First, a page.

“A large crowd of His disciples was there, and a great number of people from all over Judea, from Jerusalem and who had come to hear Him and to be healed of their diseases.” Luke 6:17b, 18a.
People were attracted to Jesus like iron filings to a magnet. He was exactly what they needed. The doctors of their day could not do much. Serious and chronic conditions were incurable. Jesus blew like a fresh breeze into their lives. Who would not run after someone who could alleviate suffering, fix broken bodies, and speak words of life and hope?
Even people from outside Israel came to listen to Him. It was a glorious time for broken and helpless people, and He had no lack of followers. Sometimes they crowded Him so much that He had to retreat to far-away places just to get a little rest from the clamouring crowds.
It was never Jesus’ intention just to be a solution for human problems. He came for a much greater purpose than that. He called people to be followers and imitators of Him because there was a broken world beyond their borders that needed Him and the message He came to bring.
He was popular as long as He spoke about the kingdom of God and the love a Father, but when He began to teach them about the kind of life He expected them to live as citizens of God’s kingdom, to follow and obey Him and to be generous towards all people, to care about others more than themselves and to serve rather than be served, His popularity waned.
“Pilate called together the chief priests, the rulers and the people and said to them… ‘I have examined Him in your presence and have found no basis for your charges against Him…’ …With one voice they cried out, ‘Away with this man! Release Barabbas to us!” Luke 23:13, 14b, 18.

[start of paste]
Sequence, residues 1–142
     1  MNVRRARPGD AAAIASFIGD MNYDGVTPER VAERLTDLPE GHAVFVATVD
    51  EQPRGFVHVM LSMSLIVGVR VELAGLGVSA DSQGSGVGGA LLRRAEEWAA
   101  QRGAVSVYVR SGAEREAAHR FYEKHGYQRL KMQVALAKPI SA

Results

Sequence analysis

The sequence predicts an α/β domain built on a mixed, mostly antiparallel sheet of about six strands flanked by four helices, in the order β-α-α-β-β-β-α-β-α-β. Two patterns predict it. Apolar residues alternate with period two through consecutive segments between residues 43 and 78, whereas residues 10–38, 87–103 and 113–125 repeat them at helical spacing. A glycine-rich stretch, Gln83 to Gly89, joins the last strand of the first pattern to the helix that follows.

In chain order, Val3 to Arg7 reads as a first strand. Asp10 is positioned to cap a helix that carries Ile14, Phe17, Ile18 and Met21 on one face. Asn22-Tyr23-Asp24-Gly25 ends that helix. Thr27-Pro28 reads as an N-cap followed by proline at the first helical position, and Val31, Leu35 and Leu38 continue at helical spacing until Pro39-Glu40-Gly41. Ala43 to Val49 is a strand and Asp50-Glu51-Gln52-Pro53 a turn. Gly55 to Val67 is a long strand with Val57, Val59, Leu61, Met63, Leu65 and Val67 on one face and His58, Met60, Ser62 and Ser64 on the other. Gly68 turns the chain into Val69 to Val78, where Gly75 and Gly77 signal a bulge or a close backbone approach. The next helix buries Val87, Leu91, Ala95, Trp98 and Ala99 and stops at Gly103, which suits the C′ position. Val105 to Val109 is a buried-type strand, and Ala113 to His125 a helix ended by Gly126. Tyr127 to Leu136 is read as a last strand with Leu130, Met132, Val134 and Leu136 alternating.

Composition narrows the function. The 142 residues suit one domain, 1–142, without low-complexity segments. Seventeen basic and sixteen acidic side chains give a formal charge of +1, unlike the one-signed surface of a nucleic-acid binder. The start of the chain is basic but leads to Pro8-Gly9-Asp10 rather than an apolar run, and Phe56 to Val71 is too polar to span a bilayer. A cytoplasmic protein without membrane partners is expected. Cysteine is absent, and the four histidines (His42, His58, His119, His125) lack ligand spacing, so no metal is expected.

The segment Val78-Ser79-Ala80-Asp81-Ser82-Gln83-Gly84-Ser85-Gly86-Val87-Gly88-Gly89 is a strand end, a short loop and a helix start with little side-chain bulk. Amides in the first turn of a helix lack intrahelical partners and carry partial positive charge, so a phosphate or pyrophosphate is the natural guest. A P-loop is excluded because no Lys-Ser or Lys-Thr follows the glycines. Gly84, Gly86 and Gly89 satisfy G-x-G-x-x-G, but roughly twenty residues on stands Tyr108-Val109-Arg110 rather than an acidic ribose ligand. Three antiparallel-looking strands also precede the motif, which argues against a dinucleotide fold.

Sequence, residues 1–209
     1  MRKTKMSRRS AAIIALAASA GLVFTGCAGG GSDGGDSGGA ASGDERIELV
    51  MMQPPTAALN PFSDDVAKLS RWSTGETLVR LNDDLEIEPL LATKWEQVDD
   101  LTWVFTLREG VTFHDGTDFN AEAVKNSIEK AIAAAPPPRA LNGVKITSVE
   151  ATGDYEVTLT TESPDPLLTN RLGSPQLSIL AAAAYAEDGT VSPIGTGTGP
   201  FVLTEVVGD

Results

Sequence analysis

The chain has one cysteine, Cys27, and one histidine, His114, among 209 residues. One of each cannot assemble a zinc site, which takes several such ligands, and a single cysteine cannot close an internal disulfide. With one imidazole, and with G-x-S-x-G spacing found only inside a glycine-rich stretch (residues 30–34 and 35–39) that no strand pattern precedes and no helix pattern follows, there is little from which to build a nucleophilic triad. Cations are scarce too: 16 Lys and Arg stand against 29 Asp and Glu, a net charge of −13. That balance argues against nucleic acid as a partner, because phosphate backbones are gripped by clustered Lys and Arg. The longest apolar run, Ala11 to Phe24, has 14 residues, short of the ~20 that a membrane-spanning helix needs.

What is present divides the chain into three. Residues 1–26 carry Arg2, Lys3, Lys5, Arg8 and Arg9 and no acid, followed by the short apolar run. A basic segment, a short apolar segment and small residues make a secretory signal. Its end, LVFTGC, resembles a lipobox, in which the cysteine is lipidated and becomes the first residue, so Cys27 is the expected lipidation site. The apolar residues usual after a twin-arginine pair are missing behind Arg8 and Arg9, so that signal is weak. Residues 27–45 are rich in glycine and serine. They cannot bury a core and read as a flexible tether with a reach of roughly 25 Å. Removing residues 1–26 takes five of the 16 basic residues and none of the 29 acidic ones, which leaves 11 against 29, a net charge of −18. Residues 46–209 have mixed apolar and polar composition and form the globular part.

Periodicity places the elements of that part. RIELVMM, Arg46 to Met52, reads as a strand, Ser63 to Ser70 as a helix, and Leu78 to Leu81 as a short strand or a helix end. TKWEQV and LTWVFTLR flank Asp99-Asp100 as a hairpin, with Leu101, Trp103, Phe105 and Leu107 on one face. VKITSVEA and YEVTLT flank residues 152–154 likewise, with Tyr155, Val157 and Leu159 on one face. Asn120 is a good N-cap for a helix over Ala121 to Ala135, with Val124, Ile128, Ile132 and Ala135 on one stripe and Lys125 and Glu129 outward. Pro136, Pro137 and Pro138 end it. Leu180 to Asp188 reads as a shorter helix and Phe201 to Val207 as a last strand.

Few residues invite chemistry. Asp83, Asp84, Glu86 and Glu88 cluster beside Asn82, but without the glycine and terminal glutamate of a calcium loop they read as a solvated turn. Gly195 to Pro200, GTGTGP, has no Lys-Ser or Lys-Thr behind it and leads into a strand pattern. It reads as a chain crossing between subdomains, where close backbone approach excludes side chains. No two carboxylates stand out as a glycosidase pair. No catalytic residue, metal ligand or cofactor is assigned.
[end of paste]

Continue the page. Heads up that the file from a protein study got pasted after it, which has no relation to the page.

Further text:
When Jesus was on trial before Caiaphas, He was challenged to give His credentials. “Are you the Christ, The Son of the Blessed?” asked the High Priest. Jesus acknowledged the claim, “It is as you say.” Caiaphas was elated. “Blasphemy,” he roared. “Guilty as charged.” Was it not his responsibility to call witnesses to ensure that his verdict was accurate? How was he going to prove Jesus’ guilt or innocence without testing His claim? Where were the people whose lives were changed through His healing power? Where were the enthusiastic crowds who hung on His words and marvelled at His teaching and His authority?
It seems that the same people who received His mercy and compassion were among those who shouted for His death. What happened to their faith? Where was their loyalty? How tragic that many who call themselves believers today melt away when the pressure is on. Faith is Jesus is not about what we can get out of Him but about who He is. If He is the Christ, the Son of God, we have no option but to worship Him because, outside of Him, we have no hope.